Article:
First off, I apologize for the nerdiness of this post.  But I’ve been thinking about it, so I’m going to write it anyway.

I was listening to the movie version of Rent (nerd point No. 1), and was kind of taken aback by the recording quality (nerd point No. 2).  It wasn’t so noticable at first, but it barely had any dynamic variance at all.  I understand how this could be a good thing on, say, the radio, but I don’t really get it in a movie mixed in 5.1.  Take this clip for example:

[audio:AnotherDay.mp3]
(You probably want to use a good set of speakers, or at least headphones, to hear the point I’m about to make.)

Now, we can hear her voice just fine, and understand all the words.  I can hear the piano pretty clearly panned slightly left, the bass is pretty present, the drums (including what I can only imagine was a kick drum made of cardboard) are clear, and the guitars are audible.  However, pay attention to when the vocals get “louder.”  Do they seem farther away?  The compressor clamps down on the voice, and while the overall level stays the same, the dynamics are all but removed.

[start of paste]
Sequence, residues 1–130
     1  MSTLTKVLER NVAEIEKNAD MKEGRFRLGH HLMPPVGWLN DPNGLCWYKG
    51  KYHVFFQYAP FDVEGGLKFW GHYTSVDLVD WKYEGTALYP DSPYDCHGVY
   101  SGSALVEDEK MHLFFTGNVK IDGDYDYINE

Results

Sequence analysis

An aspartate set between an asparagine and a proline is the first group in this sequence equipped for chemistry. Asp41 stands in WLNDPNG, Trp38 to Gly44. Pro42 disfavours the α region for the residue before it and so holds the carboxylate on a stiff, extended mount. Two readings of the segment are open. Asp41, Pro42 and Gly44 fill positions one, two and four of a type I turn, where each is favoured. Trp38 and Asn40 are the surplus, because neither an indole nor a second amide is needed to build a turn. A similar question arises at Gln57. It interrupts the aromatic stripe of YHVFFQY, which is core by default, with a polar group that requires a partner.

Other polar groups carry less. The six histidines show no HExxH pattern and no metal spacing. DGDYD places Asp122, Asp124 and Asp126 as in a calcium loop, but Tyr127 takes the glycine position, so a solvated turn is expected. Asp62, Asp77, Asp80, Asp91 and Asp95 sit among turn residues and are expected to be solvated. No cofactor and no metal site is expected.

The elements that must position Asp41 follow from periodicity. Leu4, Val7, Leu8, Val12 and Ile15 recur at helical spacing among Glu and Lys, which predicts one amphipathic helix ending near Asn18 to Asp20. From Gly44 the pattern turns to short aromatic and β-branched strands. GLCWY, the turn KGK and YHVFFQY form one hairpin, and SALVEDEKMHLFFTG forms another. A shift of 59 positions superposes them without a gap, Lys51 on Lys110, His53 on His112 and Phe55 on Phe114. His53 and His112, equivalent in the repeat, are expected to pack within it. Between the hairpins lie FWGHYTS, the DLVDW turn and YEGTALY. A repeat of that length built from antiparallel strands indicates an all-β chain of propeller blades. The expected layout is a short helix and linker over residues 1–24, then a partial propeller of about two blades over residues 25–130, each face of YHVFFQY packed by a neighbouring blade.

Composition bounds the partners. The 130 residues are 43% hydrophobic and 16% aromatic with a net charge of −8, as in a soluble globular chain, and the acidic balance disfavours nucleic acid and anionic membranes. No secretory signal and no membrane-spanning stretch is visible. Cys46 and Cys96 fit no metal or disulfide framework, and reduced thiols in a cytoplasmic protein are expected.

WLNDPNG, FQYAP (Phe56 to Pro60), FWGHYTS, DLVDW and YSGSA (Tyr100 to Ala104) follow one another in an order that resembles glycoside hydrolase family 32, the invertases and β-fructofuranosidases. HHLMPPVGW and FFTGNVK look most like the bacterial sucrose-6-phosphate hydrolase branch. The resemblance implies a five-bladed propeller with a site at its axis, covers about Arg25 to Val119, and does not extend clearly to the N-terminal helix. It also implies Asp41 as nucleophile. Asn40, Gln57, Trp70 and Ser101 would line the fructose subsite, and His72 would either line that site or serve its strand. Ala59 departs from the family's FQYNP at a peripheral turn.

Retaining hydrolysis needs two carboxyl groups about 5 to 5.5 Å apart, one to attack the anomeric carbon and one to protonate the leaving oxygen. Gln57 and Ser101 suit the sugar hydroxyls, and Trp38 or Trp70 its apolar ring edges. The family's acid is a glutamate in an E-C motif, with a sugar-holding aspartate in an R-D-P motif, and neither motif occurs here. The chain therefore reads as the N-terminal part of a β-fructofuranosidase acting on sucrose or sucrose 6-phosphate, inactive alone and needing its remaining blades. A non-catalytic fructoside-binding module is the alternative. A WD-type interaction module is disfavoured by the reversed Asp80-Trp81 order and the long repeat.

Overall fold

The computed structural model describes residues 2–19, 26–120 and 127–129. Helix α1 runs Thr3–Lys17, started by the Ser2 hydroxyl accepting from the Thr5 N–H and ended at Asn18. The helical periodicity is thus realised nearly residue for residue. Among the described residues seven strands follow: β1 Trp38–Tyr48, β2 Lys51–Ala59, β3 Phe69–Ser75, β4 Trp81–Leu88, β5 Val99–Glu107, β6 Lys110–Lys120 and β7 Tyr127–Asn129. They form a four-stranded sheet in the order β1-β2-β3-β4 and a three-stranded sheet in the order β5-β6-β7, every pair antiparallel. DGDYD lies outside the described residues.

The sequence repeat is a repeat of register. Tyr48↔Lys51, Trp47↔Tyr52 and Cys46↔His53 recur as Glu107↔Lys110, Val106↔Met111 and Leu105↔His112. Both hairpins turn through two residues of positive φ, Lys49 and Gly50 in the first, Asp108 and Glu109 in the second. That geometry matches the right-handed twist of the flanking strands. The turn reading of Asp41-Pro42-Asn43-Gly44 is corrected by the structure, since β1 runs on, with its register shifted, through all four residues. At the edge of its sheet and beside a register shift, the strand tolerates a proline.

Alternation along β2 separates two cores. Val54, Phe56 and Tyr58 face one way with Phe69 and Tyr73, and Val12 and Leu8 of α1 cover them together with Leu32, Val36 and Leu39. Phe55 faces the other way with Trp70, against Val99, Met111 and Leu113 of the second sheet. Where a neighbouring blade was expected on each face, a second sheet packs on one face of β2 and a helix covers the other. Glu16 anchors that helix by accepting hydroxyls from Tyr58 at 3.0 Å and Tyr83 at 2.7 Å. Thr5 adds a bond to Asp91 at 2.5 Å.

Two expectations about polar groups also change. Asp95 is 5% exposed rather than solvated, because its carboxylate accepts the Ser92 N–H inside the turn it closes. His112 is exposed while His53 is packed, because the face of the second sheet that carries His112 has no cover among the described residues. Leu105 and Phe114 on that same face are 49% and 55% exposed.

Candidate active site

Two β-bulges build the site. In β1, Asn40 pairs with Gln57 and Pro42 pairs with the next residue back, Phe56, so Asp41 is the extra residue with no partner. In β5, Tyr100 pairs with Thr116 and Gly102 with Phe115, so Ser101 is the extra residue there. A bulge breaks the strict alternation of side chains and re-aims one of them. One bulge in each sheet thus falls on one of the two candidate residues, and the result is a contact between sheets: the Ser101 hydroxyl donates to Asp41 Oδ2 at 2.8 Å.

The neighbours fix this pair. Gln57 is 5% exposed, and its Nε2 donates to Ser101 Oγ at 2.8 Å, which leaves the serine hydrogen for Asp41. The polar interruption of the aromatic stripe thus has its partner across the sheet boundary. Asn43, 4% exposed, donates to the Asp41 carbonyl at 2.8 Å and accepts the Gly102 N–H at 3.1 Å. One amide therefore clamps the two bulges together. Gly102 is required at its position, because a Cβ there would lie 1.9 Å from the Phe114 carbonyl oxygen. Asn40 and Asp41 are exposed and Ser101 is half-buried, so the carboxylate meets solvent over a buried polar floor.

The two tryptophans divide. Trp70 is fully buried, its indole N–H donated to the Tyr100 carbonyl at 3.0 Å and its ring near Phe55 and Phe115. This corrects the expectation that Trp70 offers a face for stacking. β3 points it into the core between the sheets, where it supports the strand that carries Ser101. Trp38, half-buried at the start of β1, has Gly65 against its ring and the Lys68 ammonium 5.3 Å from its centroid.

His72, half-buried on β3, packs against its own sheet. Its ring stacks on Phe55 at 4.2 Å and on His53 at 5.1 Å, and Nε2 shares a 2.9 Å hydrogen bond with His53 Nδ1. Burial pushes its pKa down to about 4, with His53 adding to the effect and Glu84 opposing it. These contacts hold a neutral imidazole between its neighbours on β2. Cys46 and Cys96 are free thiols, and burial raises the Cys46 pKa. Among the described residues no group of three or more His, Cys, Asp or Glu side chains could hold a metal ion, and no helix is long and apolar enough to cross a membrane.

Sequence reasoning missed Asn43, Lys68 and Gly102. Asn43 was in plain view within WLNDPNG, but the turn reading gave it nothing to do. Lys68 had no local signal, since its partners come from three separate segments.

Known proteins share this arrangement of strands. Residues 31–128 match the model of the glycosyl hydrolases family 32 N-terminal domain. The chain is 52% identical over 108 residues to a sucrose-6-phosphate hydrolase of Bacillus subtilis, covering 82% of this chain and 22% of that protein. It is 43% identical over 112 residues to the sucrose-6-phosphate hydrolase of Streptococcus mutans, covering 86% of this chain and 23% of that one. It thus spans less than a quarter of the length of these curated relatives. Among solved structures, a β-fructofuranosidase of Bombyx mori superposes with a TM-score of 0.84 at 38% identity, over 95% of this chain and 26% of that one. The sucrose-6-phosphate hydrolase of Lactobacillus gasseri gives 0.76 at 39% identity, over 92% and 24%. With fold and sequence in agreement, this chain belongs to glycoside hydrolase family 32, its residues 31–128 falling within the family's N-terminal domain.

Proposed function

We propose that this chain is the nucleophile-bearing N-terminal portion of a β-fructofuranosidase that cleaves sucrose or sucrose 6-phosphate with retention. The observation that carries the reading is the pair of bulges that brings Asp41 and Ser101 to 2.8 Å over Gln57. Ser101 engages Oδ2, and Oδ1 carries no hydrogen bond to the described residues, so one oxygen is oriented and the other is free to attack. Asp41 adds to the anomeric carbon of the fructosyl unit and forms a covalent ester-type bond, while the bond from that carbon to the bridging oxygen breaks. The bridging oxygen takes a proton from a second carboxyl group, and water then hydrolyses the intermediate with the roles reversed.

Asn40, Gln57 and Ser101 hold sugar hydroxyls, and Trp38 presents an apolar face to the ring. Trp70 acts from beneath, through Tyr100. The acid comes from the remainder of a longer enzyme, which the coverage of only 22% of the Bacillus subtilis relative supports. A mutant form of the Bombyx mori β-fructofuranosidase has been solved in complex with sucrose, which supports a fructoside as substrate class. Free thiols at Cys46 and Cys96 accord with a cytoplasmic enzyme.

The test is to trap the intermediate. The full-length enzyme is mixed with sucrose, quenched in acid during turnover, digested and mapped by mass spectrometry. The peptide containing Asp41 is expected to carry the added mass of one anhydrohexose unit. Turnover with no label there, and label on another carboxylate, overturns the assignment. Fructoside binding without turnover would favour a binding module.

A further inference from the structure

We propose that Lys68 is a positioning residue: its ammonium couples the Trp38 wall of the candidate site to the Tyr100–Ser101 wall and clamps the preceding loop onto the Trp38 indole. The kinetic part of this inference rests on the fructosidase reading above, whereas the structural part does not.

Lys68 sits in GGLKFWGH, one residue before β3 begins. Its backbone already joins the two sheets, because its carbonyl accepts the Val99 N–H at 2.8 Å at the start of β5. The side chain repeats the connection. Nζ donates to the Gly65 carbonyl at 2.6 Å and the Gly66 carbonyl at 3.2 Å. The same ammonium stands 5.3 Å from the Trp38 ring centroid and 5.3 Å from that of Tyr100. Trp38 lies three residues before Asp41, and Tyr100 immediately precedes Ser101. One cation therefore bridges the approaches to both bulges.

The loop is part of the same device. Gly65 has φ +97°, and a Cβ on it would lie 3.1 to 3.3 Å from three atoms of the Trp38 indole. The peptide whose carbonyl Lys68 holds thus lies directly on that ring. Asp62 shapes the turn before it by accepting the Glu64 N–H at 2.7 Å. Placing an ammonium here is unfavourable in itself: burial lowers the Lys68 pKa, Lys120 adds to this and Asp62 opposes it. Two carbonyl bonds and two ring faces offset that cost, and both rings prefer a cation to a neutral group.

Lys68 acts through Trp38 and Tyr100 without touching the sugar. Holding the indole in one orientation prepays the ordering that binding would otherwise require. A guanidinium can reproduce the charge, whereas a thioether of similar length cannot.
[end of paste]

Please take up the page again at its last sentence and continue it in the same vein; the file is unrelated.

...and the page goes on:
Now, this does seem pretty terrible from a sound reproduction standpoint, but then I got to thinking.  I can hear all of the parts in this recording.  Now, which is more important?  Should the peaks in the vocals momentarily drown out the ride cymbals, or should this kind of compression ensure an even mix among all the parts?  Put another way, if you paid someone to mix a recording of a musical, would the compression and dynamics in the above clip be acceptable?

I’m not sure what the answer is, and this is why I’m putting it out here.  What’s your take?